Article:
I'm very grateful to the wonderful Apartment House ensemble for requesting a follow-up of my clarinet concerto Natura Naturans for chamber forces. They play it at the Wigmore Hall (London) on Wednesday 12 October 2022 7:30PM alongside works by Jack Sheen, Jeney, Juta Pranulytė, and Oliver Leith.
The new version is for Heather Roche (clarinet solo) with 2 violin, 2 viola, 2 cello, with both cellos and one viola using wooden preparations. See here for a blog post on the original piece, but this is a substantial reduction from the original piece's string orchestra, and changes the focus somewhat from a mass/cluster texture to something more focussed. However, the advantage is that these string players are more specialised in the techniques used here, which is magnified by the chamber setting affording greater detail and focus of listening. Specifically, the strings use a harmonic glissando technique derived from John Lely's seminal piece The Harmonics of Real Strings, a piece well known to Apartment House; it has been performed extensively by both Anton Lukoszevieze and Mira Benjamin, both of whom are playing in this concert. The focus (see below) is on slow movement along the string and allowing (slightly) indeterminate harmonics to emerge in their own time, supporting and foregrounding them as they emerge. This new version allows for more focussed listening and chamber-like interaction between both strings and clarinet solo.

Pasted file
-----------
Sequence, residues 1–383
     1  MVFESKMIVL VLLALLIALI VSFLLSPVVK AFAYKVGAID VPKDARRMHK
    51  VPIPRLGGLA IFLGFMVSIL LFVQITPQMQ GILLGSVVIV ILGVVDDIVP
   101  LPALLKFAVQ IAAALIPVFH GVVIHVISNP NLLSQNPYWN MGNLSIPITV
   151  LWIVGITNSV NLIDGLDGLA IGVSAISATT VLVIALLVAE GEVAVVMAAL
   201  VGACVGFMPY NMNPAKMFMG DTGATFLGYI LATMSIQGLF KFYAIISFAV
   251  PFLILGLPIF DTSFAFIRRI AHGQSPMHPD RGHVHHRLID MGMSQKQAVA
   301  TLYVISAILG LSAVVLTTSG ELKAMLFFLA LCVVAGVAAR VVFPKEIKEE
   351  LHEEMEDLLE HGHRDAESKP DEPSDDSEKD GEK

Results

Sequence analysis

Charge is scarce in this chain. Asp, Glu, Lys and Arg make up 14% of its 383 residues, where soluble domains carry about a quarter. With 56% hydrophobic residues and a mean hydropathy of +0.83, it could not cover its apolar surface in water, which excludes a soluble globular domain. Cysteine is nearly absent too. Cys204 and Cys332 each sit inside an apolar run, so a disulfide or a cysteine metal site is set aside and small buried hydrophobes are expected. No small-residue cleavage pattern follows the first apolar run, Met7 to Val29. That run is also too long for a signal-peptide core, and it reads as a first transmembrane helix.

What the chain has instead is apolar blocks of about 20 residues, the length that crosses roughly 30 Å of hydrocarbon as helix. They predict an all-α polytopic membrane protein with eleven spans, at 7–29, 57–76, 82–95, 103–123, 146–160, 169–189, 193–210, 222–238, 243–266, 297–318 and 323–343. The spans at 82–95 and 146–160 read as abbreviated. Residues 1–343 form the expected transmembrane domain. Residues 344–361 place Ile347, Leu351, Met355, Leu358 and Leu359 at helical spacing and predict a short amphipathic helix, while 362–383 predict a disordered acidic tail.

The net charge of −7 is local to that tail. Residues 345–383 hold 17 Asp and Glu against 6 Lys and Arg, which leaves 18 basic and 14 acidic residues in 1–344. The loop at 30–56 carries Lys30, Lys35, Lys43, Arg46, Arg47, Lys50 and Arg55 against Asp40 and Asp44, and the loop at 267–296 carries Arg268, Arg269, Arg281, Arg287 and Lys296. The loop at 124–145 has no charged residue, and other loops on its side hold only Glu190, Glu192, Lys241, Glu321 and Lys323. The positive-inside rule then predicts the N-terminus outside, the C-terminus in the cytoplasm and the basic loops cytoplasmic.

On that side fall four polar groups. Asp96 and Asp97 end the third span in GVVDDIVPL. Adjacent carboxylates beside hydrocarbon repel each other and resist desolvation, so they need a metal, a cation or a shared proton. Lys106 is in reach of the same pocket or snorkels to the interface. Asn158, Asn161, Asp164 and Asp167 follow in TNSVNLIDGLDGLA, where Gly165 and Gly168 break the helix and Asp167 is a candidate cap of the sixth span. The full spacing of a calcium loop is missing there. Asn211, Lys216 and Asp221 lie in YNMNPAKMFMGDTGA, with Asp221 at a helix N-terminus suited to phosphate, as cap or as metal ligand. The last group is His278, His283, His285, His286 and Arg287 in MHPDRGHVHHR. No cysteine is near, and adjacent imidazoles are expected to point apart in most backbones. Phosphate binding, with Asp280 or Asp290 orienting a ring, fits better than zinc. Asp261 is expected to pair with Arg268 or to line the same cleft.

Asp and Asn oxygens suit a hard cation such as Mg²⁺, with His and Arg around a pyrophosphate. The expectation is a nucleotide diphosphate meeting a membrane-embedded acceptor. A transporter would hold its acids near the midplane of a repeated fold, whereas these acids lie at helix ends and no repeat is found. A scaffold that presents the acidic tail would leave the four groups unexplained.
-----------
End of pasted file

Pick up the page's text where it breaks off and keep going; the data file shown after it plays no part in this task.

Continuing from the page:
The string preparations (example here) are also reduced in number but afforded more focus in the chamber context. The orchestra version was 6 cellos and 4 basses, and as above it was largely about focus on a probable 'G' emerging, but with a cloud of other indeterminate pitches emerging. The cloud was maximised by using different strings and different positions across the 10 instruments, so it was 10* different resonant bodies but united by the preparations favouring a sounding 'G' (in varying octaves). In the chamber version, it was tricky to keep both the prepared and non-prepared aspect of the low strings part in only 2 prepared cellos, but I managed it so that both are positioned for a sounding G3, but cello-1 prepares strings III/IV, and cello-2 prepares strings II/III: the preparations couple two strings together, and those strings are then useless for 'normal' pitch production.
I'm extremely excited to hear this new piece in such a different mode of performance.
* I managed to avoid duplication mostly (see b.1 of original score for preparation placements/strings), so it was really 8 different resonant bodies, but the very loose coordination between players meant that even the duplicated positions were unlikely to be playing exactly the same position/pressure/speed/etc at the same moment.